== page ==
version of the annual ACS salary survey. There were a number of articles:
- The overview of the ChemCensus, which I'm going to cover below.
- Two profiles of people (a professor and a recent Ph.D. grad) written by Andrea Widener
- Job advice from various ACS members
- As you can see from the graph on the right, it's pretty clear that salaries for chemists and chemical engineers haven't risen much against inflation (graph in 1984 constant dollars.)
- There were 23,843 respondents to the 2015 ChemCensus; I think that's a ~25-30% response rate, but I can't tell until the full report is released.
- The unemployment rate for ACS members in 2015 was 3.1%, which is up from 2014's 2.9%.
- "11% of members in 2015 accepted a job that paid less than their previous position to maintain employment."
- The coastal regions have the highest median salaries, with $118,000 being the median salaries for both the Pacific (WA, OR, CA) region and the New England (MA, CT, NH, VT, ME) region.
- "21% of members in 2015 said they do not have access to continuing education or technical training from their employer."
When Shahriar Mobashery got his Ph.D. from the University of Chicago in 1985, chemistry seemed like a great career choice. “I thought the future was open,” the University of Notre Dame chemistry professor remembers. “In retrospect, that optimistic perspective was wonderful.”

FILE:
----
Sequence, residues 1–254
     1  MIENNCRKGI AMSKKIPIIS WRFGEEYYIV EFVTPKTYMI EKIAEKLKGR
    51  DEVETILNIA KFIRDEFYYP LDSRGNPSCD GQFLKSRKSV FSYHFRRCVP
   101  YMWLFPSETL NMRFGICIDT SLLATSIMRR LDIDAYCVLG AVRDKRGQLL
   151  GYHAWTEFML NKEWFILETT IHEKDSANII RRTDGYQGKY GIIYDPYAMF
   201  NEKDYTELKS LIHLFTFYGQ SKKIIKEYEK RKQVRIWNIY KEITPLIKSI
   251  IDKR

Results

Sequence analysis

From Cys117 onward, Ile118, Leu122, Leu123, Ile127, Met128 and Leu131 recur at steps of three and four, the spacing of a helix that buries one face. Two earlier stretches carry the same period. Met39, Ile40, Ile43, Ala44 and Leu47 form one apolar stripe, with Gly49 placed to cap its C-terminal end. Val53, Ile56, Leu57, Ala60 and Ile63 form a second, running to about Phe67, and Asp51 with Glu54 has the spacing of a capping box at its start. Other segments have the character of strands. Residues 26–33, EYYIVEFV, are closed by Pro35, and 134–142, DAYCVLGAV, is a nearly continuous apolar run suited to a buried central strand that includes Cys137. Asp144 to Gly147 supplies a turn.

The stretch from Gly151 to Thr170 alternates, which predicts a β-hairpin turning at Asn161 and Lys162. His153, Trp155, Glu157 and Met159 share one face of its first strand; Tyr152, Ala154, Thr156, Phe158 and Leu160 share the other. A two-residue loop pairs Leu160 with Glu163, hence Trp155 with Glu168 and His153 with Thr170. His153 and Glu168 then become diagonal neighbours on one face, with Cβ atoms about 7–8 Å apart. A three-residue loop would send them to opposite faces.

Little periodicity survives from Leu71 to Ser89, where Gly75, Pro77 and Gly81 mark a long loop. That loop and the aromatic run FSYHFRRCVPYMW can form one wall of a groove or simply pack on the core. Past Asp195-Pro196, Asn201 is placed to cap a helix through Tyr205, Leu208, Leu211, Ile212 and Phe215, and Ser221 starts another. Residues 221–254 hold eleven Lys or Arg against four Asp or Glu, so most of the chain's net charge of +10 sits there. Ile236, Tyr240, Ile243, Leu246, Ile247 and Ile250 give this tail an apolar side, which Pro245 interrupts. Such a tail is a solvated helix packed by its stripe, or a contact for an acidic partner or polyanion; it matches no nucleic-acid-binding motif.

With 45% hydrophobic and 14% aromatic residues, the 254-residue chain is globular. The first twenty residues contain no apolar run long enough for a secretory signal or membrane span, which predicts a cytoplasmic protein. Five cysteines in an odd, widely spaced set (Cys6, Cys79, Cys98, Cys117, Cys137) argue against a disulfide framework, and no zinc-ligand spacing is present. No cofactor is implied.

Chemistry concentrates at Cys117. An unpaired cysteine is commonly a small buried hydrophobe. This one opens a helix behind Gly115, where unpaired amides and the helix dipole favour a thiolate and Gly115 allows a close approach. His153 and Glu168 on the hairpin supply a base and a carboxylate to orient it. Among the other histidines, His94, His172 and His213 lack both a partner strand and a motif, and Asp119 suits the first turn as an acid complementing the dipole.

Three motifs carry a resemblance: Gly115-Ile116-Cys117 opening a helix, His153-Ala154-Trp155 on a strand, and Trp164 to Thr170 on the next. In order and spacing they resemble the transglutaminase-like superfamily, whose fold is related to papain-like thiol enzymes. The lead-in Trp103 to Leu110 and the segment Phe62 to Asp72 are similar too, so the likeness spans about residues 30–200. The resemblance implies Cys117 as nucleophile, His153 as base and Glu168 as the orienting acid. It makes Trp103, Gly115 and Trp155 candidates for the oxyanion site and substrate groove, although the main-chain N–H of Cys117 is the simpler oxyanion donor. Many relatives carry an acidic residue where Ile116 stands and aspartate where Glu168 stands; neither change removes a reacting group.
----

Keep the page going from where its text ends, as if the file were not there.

Back then, graduate schools had a hard time keeping students from dropping out for high-powered jobs in industry. Even foreign students in need of visas were in high demand. “Everybody got jobs in the 1980s,” he remembers. But the optimism that pervaded chemistry departments when Mobashery was in grad school has since dissipated. “Our outstanding students and postdocs still do just fine,” Mobashery says. But average students don’t fare nearly as well.I agree with Professor Mobashery, in that we should be tracking how well the median student's income/unemployment is doing. Speaking of which, the quote from Dr. Zhang was eye-opening:
Not all of her fellow graduates have been able to find the job they’ve been searching for, Zhang says. They might be teaching part-time at the test-prep service Princeton Review or at a community college, doing computer programming, or carrying out a postdoc.
That picture fits with what the ACS ChemCensus data suggest about employment opportunities in 1985 and 2015. “It’s a lot harder to get hired with a Ph.D. in chemistry today,” she says.I wish I could disagree with her.
*Gotta say, I miss the graph-based format from the older coverage of the ACS Salary Survey; while the infographic approach is nice, I think the median reader of C&EN is used to tables of facts and figures. Maybe I'm wrong.